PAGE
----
MTM — Men of the Military

    Welcome to Man-Titty Monday — Men of the Military.

    It’s no secret that women admire a man in uniform, but it’s not the uniform that does it. It’s what the uniform represents — a man who isn’t afraid to stand up and take responsibility, putting his life on the line to protect others. In a world where most people — men and women — are selfish and self-centered, there are still some people who are willing to make sacrifices.

    As you all know, I’ve become close to a Diné and Lakota people and culture as a result of my time spent reporting on Indian issues. One thing I learned from them and then passed to my boys was the concept of the warrior.

    We hear “warrior,” and we think of war. But that’s not what being a warrior is all about. A warrior is someone who uses his strength and skill to take care of those around him. He takes the burden of others’ welfare on his shoulders without asking for recognition or reward. It could be as simple as shoveling the snow off an elderly woman’s sidewalk. It could be acting as a role model for the kids of a single mother who have no male influence. It could mean protecting a woman from an abusive man. Or it could mean going to war.

    My grandmother’s theory was that God gave men strength so that they could have a purpose in life — lifting heavy things. I’ve raised my boys to believe that the have physical strength for one reason — to serve and protect those who are weaker than they are. A man who willingly accepts that responsibility is a warrior.

    All of my heroes are warriors, and Zach McBride from Breaking Point is no exception. A former Navy SEAL, he currently serves as a chief deputy U.S. marshal working the line — the U.S./Mexico border. It’s in honor of him — perhaps my most heroic hero — that we celebrate MTM — Men of the Military.

    A part of me felt a little guilty for doing this, because I take military service pretty seriously. I felt guilty reducing men in uniform to photographs that we can ogle.

    And then I saw the photographs. ;-)

    I love the photo above, and so will those of you who love lean muscle. The man is strong. He’s ripped, but he’s not the least bit bulky. And then there are veins... Yes, veins. If I ever decide to embed with the military, I hope I ended up embedded with him. (The word “bed” is right in the middle of “embedded.” I like that.)

    Here’s a man with an intense stare, GI haircut — and a not-so-GI earring. I’m pretty sure he wouldn’t be wearing that with the rest of his uniform. But earring aside, this guy kind of reminds me of David Beckham. And that’s never a bad thing.

    This is a true military man, not a model. I’m not sure where he is in this world — clearly someplace hot. He has shed his shirt, baring some nice pecs, abs and obliques, along with his dog tags — just plain sexy, aren’t they? — and some nice tats.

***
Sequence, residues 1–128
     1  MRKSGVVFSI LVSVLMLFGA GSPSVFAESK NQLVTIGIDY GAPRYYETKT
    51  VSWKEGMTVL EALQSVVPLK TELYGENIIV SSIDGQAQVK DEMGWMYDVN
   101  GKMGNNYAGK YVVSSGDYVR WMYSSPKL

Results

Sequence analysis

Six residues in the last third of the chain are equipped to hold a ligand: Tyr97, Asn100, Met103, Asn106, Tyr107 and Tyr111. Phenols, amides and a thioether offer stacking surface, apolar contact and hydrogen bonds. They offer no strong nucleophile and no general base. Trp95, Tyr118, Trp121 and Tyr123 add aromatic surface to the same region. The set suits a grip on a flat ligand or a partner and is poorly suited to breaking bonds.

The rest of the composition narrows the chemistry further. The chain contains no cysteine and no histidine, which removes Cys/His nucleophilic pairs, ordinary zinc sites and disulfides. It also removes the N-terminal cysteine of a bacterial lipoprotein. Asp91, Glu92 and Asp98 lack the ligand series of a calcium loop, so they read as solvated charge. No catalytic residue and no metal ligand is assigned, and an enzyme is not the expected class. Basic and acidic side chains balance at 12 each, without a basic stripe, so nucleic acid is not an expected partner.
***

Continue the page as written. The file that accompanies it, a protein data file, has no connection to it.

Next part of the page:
In a word, yum.

    Here are some Navy SEALs training. Zach was a Navy SEAL. He volunteered after 9/11. There’s a whole backstory there that I won’t reveal.

    To write Breaking Point, I spent weeks watching documentaries, researching and reading about the training Navy SEALs endure — pretty much the toughest military training on the planet. I have a relative who is a SEAL, and he made himself available to answer questions.

    Actually, what he said was, “I’ve got 300 guys here happy to help you out.” It took a lot of self-restraint for me not to buy a plane ticket, let me tell you. Three hundred Navy SEALs?

    Let’s just say that if I’m ever captured by loathsome Somalian pirates, I want the Navy SEALs to come to my rescue.

    I’m not sure which branch of the service this excellent specimen of military manhood represents. But I do see that he is reading. I hope it was an enjoyable read and that he’s safely back in the United States now. He has clearly served his country in two important ways: 1) serving in a war zone and 2) allowing this scrumptious photo to be taken. Very nice pecs and shoulders.

    These are Navy SEALs deployed in Iraq who are about to go on a mission. When I saw this photo, I instantly thought of Zach — and the real risks these heroes face each day.

    But while I was thinking about Zach and the heroic actions of our troops, I couldn’t help notice the purrfect V this man has going on — broad shoulders, slim hips — or his triceps or his tribal tattoos.

    Yes, I am capable of thinking on many planes at once from the lofty to the lustful.

    Here’s a SEAL team on a dock somewhere. Or maybe they’re on a ship. I have no idea. Here are the real bodies of real heroes — chest hair, muscles and all. We get so used to seeing models and super-ripped guys who spend five hours a day in the gym, that it’s nice to see what real men actually look like. SEALs are among the most mentally and emotionally tough men in the world, and here they are in their shorts — not waxed, not so ripped they could cut glass with their abs, not tanned and oiled. Real men with a real mission.

    That does something for me.

    “Wet and sandy” is a phrase with a special meaning for any man who has made it through BUD/s — basic SEAL training. It means something different but also very special to me. All I know is that any red-blooded heterosexual woman would be thrilled to get wet and sandy with these two SEALs.

    Wherever SEALs train, they must have to put up a 12-foot security fence to keep out the women. I envision a tall fence with women carrying binoculars standing on one side, SEAL teams training on the other.

    I hope you’ve enjoyed this edition of MTM. It’s given you a taste of Zach McBride, the hero of Breaking Point. For a full-sized bite, you have to wait until May 3.

    Happy Monday, everyone!

    And let’s hold our servicemen tight today. In our hearts, I mean.

    Coming Tuesday: I-Team Trivia answers and prizes!

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